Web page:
Startup micro opportunities

 
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In my first startup, I generally had analysis paralysis. I moved slowly, and hardly ever reacted to things in real time. 

I strictly adhered to what I thought was critical path. I didn't realize that by doing so I was probably passing by countless micro opportunities that could help my startup get traction.

Over the years I've moved completely in the other direction, which is also reflected in my shift from INTP to INTJ (P vs J) on the Myer's Briggs personality test. (Criticisms of the framework aside, I do think this move captured something real.)

Micro opportunities come in all shapes and sizes, but the ones I'm referring to in this post are those with short time windows and horizons. A few recent examples:

1) I try to seek out feedback for my startup in as many ways as possible. But more importantly, I try to react to it as quickly as possible to that feedback. As a result, I've been able to strike up useful conversations while things are fresh in peoples' minds, and equally importantly been able to get many true fans. I love seeing tweets like these.

2) The other day I woke up to a DuckDuckGo themed logo topping reddit. I quickly thought it would be cool if I put up a reddit themed DuckDuckGo logo on DDG. I thought about ways to do it and at the same time sent out a request on the duck.co forum. I'm not sure if @markkata saw that request or not, but he made this logo, which I put up on the site and announced on twitter. Someone then submitted it back to reddit, which got voted up. It never made the main front page, but hovered on the 2nd and 3rd for about 36 hours and drove something like 15K users to the site. That's thousands of people who would have never otherwise seen my site.

You might say, well, I can't do that one because I wouldn't get my logo on top of reddit in the first place. But getting there actually arose by seizing a series of earlier micro opportunities. When reddit first announced their ad beta, I jumped at the chance to participate and provided as much feedback as I could. I continued to advertise and engaged actively in the community (both on my ad threads and otherwise). When someone suggested I do an AMA, I did that too. When I found people I thought might be useful to the reddit team, I made introductions. When I had a good experience with reddit ads, I wrote it up on this blog. As a result of all of these interactions, I've gained a lot respect for the reddit team, and I hope visa-versa.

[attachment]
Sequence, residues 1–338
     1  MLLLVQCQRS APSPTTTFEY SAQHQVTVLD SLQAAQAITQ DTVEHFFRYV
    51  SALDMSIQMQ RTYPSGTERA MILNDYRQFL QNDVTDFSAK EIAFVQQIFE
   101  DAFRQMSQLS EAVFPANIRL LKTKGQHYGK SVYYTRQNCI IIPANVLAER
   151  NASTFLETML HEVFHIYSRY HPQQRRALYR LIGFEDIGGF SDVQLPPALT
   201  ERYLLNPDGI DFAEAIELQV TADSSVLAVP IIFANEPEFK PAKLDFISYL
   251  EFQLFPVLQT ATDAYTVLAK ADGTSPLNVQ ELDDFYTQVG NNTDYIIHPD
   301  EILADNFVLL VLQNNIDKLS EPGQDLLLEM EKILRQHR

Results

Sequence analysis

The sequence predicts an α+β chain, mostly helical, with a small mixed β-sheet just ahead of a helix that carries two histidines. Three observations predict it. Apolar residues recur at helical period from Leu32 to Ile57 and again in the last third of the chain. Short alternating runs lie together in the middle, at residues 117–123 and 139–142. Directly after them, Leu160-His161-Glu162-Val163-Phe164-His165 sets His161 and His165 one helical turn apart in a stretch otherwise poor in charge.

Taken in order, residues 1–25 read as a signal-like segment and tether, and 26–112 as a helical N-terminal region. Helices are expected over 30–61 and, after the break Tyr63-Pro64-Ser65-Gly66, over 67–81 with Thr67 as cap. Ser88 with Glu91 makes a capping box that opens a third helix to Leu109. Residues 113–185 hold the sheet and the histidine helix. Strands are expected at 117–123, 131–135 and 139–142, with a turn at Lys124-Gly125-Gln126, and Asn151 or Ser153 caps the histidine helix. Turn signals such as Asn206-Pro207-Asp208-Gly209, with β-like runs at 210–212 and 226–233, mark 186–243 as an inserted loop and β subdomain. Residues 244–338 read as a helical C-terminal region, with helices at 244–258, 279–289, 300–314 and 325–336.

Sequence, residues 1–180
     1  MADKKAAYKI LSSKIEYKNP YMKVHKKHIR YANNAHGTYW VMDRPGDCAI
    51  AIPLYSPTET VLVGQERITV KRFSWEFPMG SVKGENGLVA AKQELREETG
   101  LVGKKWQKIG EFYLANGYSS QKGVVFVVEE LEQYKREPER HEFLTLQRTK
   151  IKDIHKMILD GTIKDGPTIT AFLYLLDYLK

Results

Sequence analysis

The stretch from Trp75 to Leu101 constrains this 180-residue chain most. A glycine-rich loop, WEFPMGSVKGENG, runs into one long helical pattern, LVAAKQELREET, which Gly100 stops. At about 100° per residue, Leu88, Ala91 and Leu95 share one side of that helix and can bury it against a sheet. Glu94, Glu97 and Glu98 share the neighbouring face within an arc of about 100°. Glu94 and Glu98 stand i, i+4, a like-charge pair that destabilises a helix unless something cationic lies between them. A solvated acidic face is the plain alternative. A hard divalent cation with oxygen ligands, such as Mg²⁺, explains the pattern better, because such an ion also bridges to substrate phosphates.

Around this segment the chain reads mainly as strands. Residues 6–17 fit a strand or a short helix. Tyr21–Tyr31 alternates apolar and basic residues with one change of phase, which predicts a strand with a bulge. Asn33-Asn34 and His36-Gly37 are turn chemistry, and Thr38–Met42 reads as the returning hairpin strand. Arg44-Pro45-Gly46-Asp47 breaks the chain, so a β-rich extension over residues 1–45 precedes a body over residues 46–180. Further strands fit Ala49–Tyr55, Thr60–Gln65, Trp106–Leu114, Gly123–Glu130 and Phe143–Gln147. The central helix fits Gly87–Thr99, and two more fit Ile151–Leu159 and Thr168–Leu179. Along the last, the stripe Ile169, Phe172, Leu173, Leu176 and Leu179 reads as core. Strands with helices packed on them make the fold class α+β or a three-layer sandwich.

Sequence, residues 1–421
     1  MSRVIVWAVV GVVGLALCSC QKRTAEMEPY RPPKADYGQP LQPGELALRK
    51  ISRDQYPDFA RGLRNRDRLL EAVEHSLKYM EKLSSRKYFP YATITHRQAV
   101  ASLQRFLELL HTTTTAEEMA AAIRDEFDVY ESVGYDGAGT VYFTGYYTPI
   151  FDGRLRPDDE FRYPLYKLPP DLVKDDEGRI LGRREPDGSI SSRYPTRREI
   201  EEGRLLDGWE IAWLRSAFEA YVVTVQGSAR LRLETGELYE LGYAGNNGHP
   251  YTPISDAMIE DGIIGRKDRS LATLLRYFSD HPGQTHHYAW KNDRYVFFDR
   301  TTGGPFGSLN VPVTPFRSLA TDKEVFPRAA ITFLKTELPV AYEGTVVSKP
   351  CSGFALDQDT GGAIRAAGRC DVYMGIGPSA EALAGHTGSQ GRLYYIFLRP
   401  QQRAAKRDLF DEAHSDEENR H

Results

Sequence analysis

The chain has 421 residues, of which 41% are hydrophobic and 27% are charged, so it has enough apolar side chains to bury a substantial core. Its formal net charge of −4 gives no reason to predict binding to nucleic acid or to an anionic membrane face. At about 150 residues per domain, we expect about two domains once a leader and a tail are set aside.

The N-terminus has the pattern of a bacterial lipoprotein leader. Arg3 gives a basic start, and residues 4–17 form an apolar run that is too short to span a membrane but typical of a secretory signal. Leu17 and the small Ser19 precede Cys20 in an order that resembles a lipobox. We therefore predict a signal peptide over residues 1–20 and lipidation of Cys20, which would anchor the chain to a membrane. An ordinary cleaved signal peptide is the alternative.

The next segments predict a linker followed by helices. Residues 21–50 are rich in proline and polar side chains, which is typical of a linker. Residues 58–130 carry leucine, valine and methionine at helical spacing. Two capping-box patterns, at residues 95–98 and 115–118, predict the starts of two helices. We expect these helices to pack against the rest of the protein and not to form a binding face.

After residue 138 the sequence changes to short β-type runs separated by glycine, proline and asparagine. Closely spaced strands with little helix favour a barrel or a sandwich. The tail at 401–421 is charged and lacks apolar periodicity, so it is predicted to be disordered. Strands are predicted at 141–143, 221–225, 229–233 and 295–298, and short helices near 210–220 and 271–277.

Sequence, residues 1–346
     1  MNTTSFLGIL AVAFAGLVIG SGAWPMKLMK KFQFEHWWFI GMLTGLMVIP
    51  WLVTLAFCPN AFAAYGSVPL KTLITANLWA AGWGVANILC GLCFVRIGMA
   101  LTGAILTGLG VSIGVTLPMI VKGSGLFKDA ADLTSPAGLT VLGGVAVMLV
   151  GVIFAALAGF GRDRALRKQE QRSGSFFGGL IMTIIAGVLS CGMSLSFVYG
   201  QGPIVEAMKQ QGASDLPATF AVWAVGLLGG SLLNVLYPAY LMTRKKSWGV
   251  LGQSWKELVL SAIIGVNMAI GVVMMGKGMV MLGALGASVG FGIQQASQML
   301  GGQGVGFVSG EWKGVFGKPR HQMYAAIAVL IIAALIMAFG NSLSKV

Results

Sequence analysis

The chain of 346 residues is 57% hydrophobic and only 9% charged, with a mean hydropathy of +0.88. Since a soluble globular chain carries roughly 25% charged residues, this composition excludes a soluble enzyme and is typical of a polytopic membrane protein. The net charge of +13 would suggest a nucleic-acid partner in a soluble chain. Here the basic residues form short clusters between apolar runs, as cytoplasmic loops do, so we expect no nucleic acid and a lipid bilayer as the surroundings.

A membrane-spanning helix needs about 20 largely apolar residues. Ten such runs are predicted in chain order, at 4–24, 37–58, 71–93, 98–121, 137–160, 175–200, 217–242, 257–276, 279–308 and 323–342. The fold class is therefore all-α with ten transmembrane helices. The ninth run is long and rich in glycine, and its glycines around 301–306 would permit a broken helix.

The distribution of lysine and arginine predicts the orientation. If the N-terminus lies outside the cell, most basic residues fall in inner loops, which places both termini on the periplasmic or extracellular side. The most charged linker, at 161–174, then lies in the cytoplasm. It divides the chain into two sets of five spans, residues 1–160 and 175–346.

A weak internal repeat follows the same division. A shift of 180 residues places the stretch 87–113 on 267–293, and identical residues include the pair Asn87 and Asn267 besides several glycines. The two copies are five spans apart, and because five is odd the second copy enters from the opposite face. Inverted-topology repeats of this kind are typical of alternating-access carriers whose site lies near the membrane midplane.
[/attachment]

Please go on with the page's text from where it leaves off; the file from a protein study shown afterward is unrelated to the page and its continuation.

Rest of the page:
I'm not sure what in there led to the DDG-themed logo on reddit (I wasn't warned or notified), but it hardly matters. The point is that it wasn't planned. It just happened. For the record, I don't think of these things as opportunities to be seized, but more like fun. It happens naturally at this point. 

3) Occasionally I'll write blog posts in reaction to other posts. These are posts I had been meaning to write, but by writing them then I became part of the current conversation and was able to drive many more people to my blog (and more importantly get them to consider my point of view) in context. The most recent examples are my posts entitled False dichotomies in convertible note vs equity seed rounds and Thoughts on Yahoo! BOSS Monetization II.

4) A few months ago I woke up to an article entitled DuckDuckGo Searches Are Not Anonymous at the top of Hacker News. I reacted immediately with a comment (containing a workaround), but immediately knew that I should and could do more. 

I dropped everything and worked to plug the hole, which took a few hours. In so doing, I realized there was an opportunity to go much further. Long story short, I launched a new major privacy feature 48 hours later via my own blog post. That post got voted up on HN and then on Reddit and then got picked up by some bigger blogs and news outlets. All told, I probably got 20K interested people to check out my site as a result, and I now have this feature for the long term. If I had not dove into an immediate response to the first post, I doubt the feature would have ever been created.


Don't get me wrong--I still think staying on critical path is important. Like many others I hate premature optimization and unnecessary tangents. (This is another post, but sometimes it is hard to tell what is tangential and not and what is useful optimization and not.) 

The beauty of micro opportunities, though, is that by definition they don't take that long. So you can stay more-or-less on critical path while still seizing them along the way. 

One could think of them as a competitive advantage (when competing against big companies). There is some truth to that, but I think of them as more of individual opportunities. It's not that if you don't do it someone else will. Instead, they'll just be lost forever.

 

If you have comments, hit me up on Twitter.
I'm the Founder & CEO of DuckDuckGo, the search engine that doesn't track you. I'm also the co-author of Traction, the book that helps you get customer growth. More about me.